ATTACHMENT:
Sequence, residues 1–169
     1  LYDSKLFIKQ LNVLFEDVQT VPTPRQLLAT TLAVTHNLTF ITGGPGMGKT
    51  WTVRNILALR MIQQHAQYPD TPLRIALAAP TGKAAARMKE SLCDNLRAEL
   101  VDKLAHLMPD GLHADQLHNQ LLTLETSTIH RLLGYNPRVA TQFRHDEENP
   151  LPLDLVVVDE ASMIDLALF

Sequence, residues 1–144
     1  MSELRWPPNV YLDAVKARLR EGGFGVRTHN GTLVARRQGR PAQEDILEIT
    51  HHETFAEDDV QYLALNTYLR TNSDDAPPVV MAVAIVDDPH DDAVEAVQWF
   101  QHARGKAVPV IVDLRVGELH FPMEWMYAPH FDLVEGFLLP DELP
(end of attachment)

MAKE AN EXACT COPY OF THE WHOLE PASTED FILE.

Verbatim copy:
Sequence, residues 1–169
     1  LYDSKLFIKQ LNVLFEDVQT VPTPRQLLAT TLAVTHNLTF ITGGPGMGKT
    51  WTVRNILALR MIQQHAQYPD TPLRIALAAP TGKAAARMKE SLCDNLRAEL
   101  VDKLAHLMPD GLHADQLHNQ LLTLETSTIH RLLGYNPRVA TQFRHDEENP
   151  LPLDLVVVDE ASMIDLALF

Sequence, residues 1–144
     1  MSELRWPPNV YLDAVKARLR EGGFGVRTHN GTLVARRQGR PAQEDILEIT
    51  HHETFAEDDV QYLALNTYLR TNSDDAPPVV MAVAIVDDPH DDAVEAVQWF
   101  QHARGKAVPV IVDLRVGELH FPMEWMYAPH FDLVEGFLLP DELP